“People may not believe it, but for us it was just finding a way to pay for college for our kids. We had no ideas or thoughts that they would be outstanding athletes or anything,” says Clone. “Her father and I were not going to be in a position to just have money sitting there to do it, but we wanted them to get their education. That was the goal from the beginning. Everything else is extra. More blessings from God.”

With more than six minutes left in the third quarter, once again lost in the paint, Boston grabbed two offensive rebounds for one possession, pushing her to a 73rd double-double. The sequence ends with Boston getting a run-of-the-mill downtime bucket and the crowd cheering at the level you would expect from a game that saw the Gamecocks go 62-26 up. That is, except for Clone and the rest of the Boston family, who jumped up from their seats, crying and hugging each other.

Fans in adjacent seats look at each other, perhaps a little confused by the noise, until the next time-out is announced. The camera pans to Foster and then to Boston, both waving meekly at the crowd.

“It’s all good because records are made to be broken,” Foster says through tears. “I’m happy for her.”

South Carolina is up 43 at the end of the third quarter, but no one is leaving early and the Gamecocks aren’t about to give up. The stands are still filled with fans who applaud every basket and foul as if it were a tie.

“It can go wrong, but when you’re winning big, you don’t want to keep giving teams hope in the nicest way,” Boston says, trying not to be unkind. “You just keep pushing the gas and that’s what Coach Staley wants because there will be closer games where you can’t screw up.”

If the Gamecocks don’t give up, leading 20, 30, 40, then the Boston defense doesn’t give up either. Staley acknowledges the complex and often misplaced emphasis that stat lines receive when in fact it is an incomplete representation of a player’s impact.

“For Alia, we are asking her to do a lot more than just score and rebound. We ask her to defend, we ask her to be the energy that our team sometimes needs, we ask her to speak in the crowd, ”says Staley. “A lot comes with Alia and her performances. I know on the outside we see a double take, but on the inside we see all the contributions she brings to our team.”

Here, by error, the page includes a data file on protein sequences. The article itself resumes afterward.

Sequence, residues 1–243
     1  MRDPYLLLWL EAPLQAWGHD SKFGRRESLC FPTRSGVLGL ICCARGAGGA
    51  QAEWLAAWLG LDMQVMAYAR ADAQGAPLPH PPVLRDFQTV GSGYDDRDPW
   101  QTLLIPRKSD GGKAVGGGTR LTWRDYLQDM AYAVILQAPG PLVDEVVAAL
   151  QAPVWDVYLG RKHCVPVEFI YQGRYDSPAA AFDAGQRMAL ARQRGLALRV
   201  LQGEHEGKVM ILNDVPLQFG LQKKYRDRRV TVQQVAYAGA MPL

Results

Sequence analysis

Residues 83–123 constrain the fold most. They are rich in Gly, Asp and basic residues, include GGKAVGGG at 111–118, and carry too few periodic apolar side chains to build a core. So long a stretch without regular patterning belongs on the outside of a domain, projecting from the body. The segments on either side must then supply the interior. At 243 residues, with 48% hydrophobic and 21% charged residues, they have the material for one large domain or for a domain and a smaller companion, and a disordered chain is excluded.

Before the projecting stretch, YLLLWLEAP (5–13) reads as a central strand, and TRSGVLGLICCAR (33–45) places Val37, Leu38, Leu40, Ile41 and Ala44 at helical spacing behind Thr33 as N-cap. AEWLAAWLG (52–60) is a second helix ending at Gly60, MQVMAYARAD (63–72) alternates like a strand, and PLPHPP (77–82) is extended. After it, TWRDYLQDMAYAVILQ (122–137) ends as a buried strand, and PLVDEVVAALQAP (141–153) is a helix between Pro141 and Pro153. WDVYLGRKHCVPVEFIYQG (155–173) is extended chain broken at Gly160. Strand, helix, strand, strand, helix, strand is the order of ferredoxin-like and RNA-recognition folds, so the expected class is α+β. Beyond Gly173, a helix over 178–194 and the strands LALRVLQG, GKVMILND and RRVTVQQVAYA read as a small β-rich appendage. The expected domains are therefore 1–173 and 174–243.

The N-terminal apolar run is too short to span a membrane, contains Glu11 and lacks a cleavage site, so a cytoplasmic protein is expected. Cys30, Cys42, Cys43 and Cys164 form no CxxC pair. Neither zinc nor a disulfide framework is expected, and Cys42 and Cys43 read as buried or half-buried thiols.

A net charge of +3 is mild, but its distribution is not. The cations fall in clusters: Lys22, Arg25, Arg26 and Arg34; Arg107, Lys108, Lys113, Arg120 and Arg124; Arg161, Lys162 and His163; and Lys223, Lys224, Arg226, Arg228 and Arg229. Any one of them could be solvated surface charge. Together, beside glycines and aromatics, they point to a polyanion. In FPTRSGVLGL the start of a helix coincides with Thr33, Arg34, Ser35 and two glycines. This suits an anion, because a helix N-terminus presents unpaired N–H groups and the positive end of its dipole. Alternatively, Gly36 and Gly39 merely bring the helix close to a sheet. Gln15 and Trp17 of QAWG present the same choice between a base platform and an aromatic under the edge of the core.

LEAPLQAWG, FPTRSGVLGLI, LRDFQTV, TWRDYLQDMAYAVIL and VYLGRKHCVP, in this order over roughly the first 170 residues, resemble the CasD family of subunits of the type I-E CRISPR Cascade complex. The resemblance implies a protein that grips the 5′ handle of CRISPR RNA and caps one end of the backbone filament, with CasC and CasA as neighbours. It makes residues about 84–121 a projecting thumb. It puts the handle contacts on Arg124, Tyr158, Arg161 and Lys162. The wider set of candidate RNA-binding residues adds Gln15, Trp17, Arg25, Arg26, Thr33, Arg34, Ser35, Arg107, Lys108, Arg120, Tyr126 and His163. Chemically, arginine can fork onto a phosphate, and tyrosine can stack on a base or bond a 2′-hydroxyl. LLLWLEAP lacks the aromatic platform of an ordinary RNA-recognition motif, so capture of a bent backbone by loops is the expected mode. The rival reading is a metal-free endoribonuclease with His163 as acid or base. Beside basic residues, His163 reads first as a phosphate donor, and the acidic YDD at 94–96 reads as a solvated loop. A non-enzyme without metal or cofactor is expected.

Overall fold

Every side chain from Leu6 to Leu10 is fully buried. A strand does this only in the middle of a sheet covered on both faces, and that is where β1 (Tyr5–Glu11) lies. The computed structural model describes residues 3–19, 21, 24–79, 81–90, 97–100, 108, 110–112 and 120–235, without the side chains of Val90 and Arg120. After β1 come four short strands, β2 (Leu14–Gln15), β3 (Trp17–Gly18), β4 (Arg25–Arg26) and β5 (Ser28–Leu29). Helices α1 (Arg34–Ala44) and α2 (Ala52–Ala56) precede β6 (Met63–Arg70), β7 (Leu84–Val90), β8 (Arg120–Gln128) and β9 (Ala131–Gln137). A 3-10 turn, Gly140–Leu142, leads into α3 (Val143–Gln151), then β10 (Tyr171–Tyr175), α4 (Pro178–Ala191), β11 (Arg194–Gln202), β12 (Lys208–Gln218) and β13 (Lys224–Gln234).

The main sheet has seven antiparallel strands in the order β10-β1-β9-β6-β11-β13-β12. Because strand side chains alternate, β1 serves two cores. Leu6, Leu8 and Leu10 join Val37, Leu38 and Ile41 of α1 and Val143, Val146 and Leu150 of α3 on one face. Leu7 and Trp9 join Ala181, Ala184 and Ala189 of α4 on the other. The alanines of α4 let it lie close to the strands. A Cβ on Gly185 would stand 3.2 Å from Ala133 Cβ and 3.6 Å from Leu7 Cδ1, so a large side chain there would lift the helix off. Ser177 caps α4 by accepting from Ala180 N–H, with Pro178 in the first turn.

However, breaking the 40-year record is a tangible and undeniable measure of her greatness. After the game, Foster stands among a crowd of children and teenagers waiting for Boston to head towards the tunnel. Foster takes pictures with Boston, as do fans, and congratulates her. A few rows up, the Boston family is chatting among themselves, but Clone stands quietly, watching Alia take pictures and sign autographs, her eyes full of pride and awe.

AFTER EACH GAME at the Colonial Life Arena, fans huddle around the court, tiptoeing with their phones at the ready, hoping to get a selfie or an autograph from Boston and her teammates.

Voices of all ages and tones are heard from all sides, shouting: “Aliya! Alia! as she makes her way across the yard towards the tunnel.

“[The kids] can interact after the game, take pictures and get captions, and that means everything to them,” says Lauren Brannon, a season ticket owner who attends the February game in Georgia with her husband, Rob, and their two daughters, aged 9. and 7. “We get to see them and cheer for them in a different way as a parent because Aaliyah and the team come in and make them feel like a part of it too.”

The girls discuss their favorite of Alia’s four hair colors this season – one votes for turquoise and the other for pink. Rob and Lauren call Alia what many parents and youth coaches call her: a role model. This title certainly goes beyond mere performance on the court and certainly includes the modesty that seems to come so naturally in Boston.

When she poses for a selfie with her arm outstretched and a big smile, you see an approachability and responsiveness that makes her parents recognize her as such. These are qualities that cannot be taught or faked, and they take a player from good to unforgettable.

“It’s really something special to walk past the game and just see how they all lined up,” says Boston. “I want them to feel like, ‘I see you, like you’re part of this.’ … Their support means everything.”

After the game in Georgia, the players of the Hopkins High School Lady Eagles basketball team rush from their seats on the upper ring to the court to see Boston up close. The girls stand cross-shouldered, leaning forward to see Boston for the first time as she walks over to where they are standing.

“I think everyone is just overwhelmed right now,” says head coach Marissa Timmons.

When Staley first came to South Carolina, the fans were…